Tsetse fly distribution and occurrence of Trypanosoma species among cattle and goats around Queen Elizabeth National park, Uganda [post]

Mallion Kangume, Denis Muhangi, Joseph Byaruhanga, Aggrey Agaba, Joachim Sserunkuma, Stallon Justus Kisembo, Paul Bogere, Patrick Vudriko, Innocent Bidason Rwego
2020 unpublished
Background African Animal Trypanosomiasis (AAT) is an infectious disease of economic and public health importance hindering agricultural productivity in Sub-Saharan Africa. The current study aimed at providing baseline information on tsetse fly distribution and occurrence of Trypanosoma species in cattle and goats within and around Queen Elizabeth National Park (QENP), in western Uganda. A minimal entomological survey was conducted in April 2017 while blood samples collected from cattle (n =
more » ... from cattle (n = 576) and goats (n = 319) in June 2015 and May 2017 were subjected to microscopy and Polymerase Chain Reaction (PCR) to determine the occurrence of trypanosome species. Results Glossina pallidipes and G. fuscipes were the only tsetse fly species trapped in the study area with apparent density of 20.6. The overall prevalence of Trypanosoma spp. in cattle and goats was 38.9% and 37% respectively for samples collected in 2015 while the prevalence of Trypanosome spp in cattle samples collected in 2017 was 38%. In 2015, T. brucei was the highest prevalent trypanosome in both cattle (23%) and goats (18.8%). In both cattle and goats, a mixed infection of T. brucei + T. congolense was most encountered with prevalence of 4.8% and 4.1% in cattle and goats, respectively. In goats a mixed infection of T. brucei + T. congolense + T. vivax was higher (2.8%) than in cattle (2.4%). In 2017, in cattle (n = 250), the prevalence for T. congolense was 32.4%, T. vivax was 6.8% and T. brucei was 6.4%. A co-infection of T. brucei and T. congolense was most prevalent (7.4%). Only 3.2% of the cattle were co-infected with all the three Trypanosome species. Conclusions Current findings show that there are two types of Tsetse fly specie, s important in transmission of AAT. Presence of these parasites in goats shows that they also play a key role in epidemiology of the disease and control efforts should aim also involve goat farmers.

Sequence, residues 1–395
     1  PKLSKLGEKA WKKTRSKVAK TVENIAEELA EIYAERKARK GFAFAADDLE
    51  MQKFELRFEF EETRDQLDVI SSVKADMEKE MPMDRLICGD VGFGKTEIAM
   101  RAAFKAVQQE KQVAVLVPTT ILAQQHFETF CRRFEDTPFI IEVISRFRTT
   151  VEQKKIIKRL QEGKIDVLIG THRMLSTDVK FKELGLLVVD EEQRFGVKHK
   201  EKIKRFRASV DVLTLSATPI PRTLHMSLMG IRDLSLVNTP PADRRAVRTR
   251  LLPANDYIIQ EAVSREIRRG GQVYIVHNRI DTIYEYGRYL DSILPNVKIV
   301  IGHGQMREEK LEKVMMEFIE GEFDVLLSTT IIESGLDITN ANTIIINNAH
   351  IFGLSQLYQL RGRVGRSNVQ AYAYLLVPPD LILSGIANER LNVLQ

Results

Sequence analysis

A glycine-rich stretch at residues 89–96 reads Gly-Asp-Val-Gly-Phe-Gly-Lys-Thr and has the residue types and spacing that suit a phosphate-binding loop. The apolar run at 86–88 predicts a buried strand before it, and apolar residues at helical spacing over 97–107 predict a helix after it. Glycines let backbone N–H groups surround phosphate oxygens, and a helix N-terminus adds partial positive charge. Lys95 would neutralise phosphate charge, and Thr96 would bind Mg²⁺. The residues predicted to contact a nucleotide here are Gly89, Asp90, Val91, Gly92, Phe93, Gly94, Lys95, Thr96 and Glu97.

doi:10.21203/rs.3.rs-32266/v1 fatcat:fusp47mrnvfndpqdggd464abru